A 14-year-old girl was struck by a car on Monday as she crossed the street at the intersection of Main and Shore streets. The driver of the car, a 67-year-old woman, was cited for a crosswalk violation.

The police did not provide the specific circumstances of the accident, so it is impossible to know the extent that the driver was at fault. Was the driver paying no attention? Did the girl dart out into the street? Or was it something in between? We don’t know.

But the driver was at fault regardless. The teenager was on a crosswalk, and that was that.

Pedestrians have the right of way on streets, regardless of whether there is a crosswalk. But drivers are required to pay special attention and stop for pedestrians at crosswalks.

That doesn’t mean, though, that crosswalks provide any special protections. Pedestrians still must exercise caution.

Nonetheless, we have seen people walk onto crosswalks with hardly a look in either direction. One summer we saw a family with a baby carriage walk out from behind a car into a crosswalk. They were among the many we have seen walk out without paying much attention.

Even a driver paying attention can have difficulty under those circumstances. A car traveling 20 miles per hour covers 29 feet each second. Twenty miles per hour is not fast, but a car still covers a lot of ground in a short time. And two seconds on a busy street with a lot of distractions is a short window.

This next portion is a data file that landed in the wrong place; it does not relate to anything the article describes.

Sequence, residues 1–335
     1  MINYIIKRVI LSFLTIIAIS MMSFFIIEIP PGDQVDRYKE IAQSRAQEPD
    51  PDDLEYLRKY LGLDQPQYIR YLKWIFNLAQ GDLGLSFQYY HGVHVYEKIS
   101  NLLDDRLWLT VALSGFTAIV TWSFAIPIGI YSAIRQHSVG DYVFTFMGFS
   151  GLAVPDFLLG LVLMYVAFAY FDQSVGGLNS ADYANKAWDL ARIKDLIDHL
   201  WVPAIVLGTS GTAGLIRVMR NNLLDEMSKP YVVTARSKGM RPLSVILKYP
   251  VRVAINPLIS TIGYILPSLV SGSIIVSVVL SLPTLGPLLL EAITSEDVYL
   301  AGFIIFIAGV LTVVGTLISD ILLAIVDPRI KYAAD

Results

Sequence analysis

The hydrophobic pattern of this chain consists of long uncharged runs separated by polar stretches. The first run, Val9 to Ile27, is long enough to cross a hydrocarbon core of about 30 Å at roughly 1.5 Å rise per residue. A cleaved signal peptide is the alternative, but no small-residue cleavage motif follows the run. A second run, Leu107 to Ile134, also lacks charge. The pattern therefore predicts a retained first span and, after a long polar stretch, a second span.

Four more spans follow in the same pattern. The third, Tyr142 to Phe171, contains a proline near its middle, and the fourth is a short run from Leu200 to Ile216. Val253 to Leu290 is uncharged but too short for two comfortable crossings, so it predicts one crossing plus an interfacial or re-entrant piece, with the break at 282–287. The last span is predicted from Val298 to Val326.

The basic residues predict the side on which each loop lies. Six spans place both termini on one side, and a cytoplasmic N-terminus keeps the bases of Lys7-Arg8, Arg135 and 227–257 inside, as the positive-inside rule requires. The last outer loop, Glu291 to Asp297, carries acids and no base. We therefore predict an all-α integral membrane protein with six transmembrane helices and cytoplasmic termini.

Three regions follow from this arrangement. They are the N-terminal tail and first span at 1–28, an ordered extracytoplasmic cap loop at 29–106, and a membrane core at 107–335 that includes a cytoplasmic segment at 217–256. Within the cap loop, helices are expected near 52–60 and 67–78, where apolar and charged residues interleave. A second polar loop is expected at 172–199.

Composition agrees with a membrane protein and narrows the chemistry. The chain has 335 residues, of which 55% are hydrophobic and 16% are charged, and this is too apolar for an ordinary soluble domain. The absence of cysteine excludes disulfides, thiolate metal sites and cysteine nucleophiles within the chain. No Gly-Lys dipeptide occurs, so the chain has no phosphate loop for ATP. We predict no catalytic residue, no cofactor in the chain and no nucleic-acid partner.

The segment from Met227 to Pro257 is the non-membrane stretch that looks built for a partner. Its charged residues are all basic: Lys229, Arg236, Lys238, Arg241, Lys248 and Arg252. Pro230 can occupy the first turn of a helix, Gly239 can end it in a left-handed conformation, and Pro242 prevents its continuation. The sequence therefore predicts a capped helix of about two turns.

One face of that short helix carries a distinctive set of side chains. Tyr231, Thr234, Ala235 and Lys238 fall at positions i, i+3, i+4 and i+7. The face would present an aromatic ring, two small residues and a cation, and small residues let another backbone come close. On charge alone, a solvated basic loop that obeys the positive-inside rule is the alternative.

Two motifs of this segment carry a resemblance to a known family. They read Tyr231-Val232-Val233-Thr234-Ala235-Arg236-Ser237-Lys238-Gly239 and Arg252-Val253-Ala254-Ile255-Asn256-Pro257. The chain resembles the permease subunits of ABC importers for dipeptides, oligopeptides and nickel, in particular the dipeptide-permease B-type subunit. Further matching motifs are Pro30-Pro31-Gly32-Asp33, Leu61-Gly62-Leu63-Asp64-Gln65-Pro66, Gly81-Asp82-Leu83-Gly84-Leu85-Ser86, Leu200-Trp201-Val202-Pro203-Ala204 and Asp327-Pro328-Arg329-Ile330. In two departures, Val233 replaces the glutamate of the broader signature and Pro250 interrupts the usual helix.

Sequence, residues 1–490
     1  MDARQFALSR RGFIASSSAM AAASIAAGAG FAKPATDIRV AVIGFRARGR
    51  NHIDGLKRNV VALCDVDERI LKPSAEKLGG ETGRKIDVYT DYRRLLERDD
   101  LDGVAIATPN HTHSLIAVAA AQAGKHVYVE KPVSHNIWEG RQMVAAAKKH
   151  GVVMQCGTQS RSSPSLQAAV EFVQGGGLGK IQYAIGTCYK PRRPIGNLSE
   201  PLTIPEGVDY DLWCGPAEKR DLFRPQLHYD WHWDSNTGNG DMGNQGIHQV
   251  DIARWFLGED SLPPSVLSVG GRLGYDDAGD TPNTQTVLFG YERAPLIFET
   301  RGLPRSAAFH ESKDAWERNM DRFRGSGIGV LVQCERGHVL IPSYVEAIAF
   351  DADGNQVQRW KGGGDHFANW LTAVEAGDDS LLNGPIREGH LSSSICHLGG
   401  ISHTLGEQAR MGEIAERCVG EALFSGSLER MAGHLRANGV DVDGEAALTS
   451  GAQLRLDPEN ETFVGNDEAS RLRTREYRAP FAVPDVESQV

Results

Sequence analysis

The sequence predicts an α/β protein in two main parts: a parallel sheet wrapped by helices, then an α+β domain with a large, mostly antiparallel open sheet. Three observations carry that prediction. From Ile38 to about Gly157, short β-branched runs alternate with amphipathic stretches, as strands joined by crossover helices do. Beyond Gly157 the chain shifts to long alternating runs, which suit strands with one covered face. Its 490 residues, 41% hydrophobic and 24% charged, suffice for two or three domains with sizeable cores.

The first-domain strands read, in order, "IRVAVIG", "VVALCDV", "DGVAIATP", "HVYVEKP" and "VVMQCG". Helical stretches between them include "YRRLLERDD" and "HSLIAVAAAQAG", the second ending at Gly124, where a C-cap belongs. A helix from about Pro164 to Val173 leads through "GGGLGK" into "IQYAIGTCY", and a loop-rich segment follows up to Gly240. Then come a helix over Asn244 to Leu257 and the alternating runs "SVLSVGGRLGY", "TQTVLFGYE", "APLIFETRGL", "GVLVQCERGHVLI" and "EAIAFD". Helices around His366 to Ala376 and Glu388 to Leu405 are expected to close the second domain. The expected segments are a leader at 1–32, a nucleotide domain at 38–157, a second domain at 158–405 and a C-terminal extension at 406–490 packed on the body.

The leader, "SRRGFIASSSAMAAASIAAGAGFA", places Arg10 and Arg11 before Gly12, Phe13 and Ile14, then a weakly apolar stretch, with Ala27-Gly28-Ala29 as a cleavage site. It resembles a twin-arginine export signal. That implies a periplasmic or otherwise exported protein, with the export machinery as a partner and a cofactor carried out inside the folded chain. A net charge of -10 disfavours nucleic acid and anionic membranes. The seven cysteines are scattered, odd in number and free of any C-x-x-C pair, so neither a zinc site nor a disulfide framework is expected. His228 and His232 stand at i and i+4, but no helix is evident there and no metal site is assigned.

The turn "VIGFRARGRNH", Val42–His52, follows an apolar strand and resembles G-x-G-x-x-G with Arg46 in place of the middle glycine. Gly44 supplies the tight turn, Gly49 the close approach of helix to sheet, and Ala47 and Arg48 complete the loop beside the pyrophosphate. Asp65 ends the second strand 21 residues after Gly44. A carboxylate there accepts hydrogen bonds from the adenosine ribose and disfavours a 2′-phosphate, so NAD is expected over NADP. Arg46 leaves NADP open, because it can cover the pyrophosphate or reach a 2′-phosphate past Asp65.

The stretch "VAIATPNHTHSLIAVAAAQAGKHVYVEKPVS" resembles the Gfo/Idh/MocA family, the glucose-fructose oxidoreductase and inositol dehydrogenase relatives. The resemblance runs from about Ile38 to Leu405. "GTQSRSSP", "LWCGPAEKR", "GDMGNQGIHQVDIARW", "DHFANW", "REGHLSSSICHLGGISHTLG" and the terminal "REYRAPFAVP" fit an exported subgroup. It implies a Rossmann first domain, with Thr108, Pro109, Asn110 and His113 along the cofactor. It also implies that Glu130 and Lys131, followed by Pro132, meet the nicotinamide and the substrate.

Former Police Chief Paulino Rodriques did the town a wonderful service years ago by heavily promoting the idea that pedestrians come first. It might not hurt now to stress that safety is a shared experience, and pedestrians must also take care.

(1) comment


While I fully agree that safety is a shared responsibility, given that we really don't know what happened here, the tone is inappropriately pedestrian-blaming. As a resident of Falmouth village and a daily pedestrian in town, I have seen many more vehicles driving though crosswalks without a look to either side than I have pedestrians walking out without looking. This is why I've taught my kids to wait and make sure drivers have stopped before they cross, even though the drivers are "supposed" to stop for pedestrians at crosswalks. While we are talking about shared responsibility, perhaps we could note that drivers in town should be expecting pedestrians and driving with caution, especially during winter when darkness comes early.

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